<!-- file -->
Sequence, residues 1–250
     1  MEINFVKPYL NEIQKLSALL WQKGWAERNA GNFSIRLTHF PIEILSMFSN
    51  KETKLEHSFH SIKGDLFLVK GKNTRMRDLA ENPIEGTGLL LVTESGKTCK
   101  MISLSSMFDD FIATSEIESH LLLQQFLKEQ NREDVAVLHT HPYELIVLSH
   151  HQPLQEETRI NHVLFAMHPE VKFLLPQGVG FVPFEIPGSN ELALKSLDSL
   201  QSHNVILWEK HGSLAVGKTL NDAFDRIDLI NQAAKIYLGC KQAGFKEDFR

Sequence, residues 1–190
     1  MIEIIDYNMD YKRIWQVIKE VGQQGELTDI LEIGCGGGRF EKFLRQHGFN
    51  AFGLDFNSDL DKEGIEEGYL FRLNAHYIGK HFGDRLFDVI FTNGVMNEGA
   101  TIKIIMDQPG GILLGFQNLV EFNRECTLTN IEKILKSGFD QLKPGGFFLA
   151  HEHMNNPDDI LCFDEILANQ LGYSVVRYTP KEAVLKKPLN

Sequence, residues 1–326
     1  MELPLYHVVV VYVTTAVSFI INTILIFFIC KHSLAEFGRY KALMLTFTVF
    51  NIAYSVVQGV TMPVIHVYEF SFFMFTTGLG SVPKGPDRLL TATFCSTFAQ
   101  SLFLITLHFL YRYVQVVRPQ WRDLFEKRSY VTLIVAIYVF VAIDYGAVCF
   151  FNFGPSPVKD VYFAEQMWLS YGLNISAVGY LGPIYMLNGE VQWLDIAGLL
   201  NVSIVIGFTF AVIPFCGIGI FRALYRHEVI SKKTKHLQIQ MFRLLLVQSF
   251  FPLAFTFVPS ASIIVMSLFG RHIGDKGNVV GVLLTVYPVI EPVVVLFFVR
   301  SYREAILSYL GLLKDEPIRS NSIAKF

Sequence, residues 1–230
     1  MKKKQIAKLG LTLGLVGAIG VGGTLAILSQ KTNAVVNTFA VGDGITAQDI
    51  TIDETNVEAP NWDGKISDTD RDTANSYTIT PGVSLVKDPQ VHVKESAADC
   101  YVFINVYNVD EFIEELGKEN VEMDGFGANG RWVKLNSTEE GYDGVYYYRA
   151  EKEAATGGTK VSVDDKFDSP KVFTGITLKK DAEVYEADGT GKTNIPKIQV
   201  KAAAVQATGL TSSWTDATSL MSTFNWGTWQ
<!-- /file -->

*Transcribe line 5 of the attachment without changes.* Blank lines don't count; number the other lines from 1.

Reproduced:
   151  HQPLQEETRI NHVLFAMHPE VKFLLPQGVG FVPFEIPGSN ELALKSLDSL